Flying training activities won’t slow down due to recent suspension orders, says DGCA

Flying training activities won’t slow down due to recent suspension orders, says DGCA


MUMBAI: The recent suspension orders issued by the civil aviation regulator to flight instructors of five flying training organisations (FTOs) will in no way slow down the training of cadets or cause problems for Commercial Pilot License (CPL) holders wanting to keep their licenses valid, clarified the director general, civil aviation on Monday.
In all the five cases, other instructors have taken on the job responsibilities, earlier handled by the suspended instructors. “The Chief Flight Instructor (CFI) and deputy CFI of Pioneer, Aligarh has been suspended for a period of one year. The FTO continues to be functional as a new CFI has been appointed,” said Arun Kumar, director general, civil aviation.
Similarly the CFI of Madhya Pradesh Flying Club, Indore has been suspended. “They already have 3 more CFI/Dy. CFI,” he said.
The Dy. CFI and CFI of TSAA, Telangana has been suspended. But the school has one more CFI, he said. The FTO approval of SVKM, Shirpur has been suspended for 21 days. It’s a small FTO with only 3 aircraft. Chimes aviation academy’s FTO has been suspended till its runway in Dhana is re-carpeted, which is a routine work which needs to be carried out after years of wear and tear.
The Directorate General of Civil Aviation (DGCA) had suspended the FTO approval of Chimes following an inspection which revealed the runway had loose gravel and uneven surface and was unsafe for flying.
In case of Shirpur FTO three of its aircraft was found to have a dysfunctional fuel gauge indicator. D espite that these planes were being operated. “The flying operations at this school has been stopped for three weeks. It will be allowed to operate only when things are in order,” said Kumar.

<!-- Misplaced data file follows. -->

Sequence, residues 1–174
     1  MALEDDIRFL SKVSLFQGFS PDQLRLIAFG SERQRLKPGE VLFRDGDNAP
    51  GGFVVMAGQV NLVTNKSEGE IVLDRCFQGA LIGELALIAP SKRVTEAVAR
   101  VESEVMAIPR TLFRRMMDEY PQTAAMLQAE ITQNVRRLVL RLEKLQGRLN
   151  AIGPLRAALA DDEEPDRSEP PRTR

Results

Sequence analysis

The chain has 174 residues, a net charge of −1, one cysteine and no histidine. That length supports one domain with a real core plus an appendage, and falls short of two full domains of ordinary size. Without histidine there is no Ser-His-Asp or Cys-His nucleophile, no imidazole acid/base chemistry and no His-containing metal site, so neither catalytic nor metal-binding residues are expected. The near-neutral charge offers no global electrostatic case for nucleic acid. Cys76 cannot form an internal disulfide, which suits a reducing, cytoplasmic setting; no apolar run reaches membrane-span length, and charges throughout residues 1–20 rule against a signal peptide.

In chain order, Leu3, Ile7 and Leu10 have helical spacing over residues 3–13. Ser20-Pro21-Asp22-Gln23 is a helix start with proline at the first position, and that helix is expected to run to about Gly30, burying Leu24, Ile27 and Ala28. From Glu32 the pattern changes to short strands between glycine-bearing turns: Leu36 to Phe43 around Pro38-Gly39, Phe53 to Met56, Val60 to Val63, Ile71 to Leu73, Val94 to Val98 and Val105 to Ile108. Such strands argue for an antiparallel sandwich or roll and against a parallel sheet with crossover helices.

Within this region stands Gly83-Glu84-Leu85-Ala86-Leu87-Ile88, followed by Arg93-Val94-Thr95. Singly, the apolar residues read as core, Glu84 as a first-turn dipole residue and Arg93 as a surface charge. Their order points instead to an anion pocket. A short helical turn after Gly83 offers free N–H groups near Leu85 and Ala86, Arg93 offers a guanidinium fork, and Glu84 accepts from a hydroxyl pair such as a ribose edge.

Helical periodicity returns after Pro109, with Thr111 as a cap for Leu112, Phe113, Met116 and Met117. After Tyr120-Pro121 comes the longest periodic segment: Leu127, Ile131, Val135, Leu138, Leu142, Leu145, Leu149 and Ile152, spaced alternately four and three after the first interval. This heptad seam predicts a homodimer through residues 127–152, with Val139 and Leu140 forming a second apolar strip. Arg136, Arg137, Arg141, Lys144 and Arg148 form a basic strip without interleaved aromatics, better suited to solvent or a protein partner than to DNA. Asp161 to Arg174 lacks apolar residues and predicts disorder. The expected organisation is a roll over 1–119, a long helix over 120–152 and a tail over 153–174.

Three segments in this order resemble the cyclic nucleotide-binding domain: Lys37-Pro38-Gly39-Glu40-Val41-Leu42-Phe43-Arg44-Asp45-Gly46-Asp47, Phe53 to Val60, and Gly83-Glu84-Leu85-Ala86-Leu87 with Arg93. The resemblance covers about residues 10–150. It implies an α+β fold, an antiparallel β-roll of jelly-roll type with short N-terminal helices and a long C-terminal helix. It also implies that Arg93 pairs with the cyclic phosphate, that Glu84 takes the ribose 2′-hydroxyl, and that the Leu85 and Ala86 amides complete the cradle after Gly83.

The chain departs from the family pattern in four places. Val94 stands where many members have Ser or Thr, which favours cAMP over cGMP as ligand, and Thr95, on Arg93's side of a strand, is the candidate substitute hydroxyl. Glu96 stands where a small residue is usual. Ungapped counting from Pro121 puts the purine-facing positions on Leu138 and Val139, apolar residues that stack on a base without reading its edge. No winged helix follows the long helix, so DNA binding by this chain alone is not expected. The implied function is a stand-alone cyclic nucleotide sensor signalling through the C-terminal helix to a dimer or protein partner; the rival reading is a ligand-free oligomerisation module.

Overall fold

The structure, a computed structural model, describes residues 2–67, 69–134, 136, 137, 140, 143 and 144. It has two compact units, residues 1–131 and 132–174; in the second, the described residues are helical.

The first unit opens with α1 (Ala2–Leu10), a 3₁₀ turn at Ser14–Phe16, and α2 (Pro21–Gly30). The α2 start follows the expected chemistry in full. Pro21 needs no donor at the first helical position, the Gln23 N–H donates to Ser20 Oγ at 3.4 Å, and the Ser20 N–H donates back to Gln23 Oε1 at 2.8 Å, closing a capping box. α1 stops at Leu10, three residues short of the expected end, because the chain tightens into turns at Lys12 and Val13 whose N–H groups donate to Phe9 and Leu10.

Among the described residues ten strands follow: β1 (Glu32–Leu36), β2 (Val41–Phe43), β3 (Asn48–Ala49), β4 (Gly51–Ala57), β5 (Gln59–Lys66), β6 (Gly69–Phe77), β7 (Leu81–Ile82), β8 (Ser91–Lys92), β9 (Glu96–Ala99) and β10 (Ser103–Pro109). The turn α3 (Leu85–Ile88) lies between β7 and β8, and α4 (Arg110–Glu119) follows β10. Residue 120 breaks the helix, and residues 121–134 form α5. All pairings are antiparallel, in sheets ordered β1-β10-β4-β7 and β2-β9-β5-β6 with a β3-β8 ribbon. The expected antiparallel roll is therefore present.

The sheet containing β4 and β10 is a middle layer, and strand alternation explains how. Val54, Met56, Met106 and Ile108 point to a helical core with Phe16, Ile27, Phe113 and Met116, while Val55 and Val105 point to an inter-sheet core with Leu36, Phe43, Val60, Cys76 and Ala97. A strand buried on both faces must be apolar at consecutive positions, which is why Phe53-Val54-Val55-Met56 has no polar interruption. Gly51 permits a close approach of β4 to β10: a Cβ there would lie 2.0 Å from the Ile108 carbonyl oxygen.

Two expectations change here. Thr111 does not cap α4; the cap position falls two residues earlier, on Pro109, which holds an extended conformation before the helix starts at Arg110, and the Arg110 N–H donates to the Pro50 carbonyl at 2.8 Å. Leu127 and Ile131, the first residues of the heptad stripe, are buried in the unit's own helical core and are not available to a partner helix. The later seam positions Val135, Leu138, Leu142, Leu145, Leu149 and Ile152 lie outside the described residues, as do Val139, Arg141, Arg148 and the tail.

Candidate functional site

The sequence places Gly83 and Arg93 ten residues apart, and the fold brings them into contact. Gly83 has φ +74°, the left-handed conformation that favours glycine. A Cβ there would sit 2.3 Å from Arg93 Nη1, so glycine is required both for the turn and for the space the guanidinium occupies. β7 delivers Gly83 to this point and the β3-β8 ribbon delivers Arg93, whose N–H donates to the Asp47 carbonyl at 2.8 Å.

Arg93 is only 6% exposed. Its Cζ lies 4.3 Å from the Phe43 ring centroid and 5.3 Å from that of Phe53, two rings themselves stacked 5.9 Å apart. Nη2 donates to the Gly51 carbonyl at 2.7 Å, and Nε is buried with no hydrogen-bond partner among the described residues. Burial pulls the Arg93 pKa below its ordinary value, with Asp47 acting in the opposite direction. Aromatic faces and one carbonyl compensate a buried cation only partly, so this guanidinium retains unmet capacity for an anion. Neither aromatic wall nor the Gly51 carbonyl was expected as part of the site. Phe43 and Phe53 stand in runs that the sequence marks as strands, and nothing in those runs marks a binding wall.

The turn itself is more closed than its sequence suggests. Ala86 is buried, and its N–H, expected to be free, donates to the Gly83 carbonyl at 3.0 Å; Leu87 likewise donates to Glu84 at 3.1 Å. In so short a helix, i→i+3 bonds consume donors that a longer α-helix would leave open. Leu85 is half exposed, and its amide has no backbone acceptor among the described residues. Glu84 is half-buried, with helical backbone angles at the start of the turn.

Following a spate of accidents and incidents involving FTOs in India, the director general ordered a special safety audit of all FTOs, which began on March 21.
The audit had found that in some schools, student pilots were not appropriately briefed and trained on emergencies and essential exercises before being released for solo flights or cross-country flights. In some FTOs the instructors, student pilots and aircraft maintenance engineers were found to have skipped the mandatory breath-analyzer test (BA) test, while in others the BA equipment was not in compliance with the requirements, said the official.
Another violation was false logging. In a few cases dual flight was found to be logged as a solo flight, in other cases the taxi time was calculated towards the instrument flying time of the student pilot, the audit found. Some FTOs were found operating aircraft with faulty fuel gauges, stall warning etc; others had poor emergency response plan with obsolete contact details.





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Author: Shirley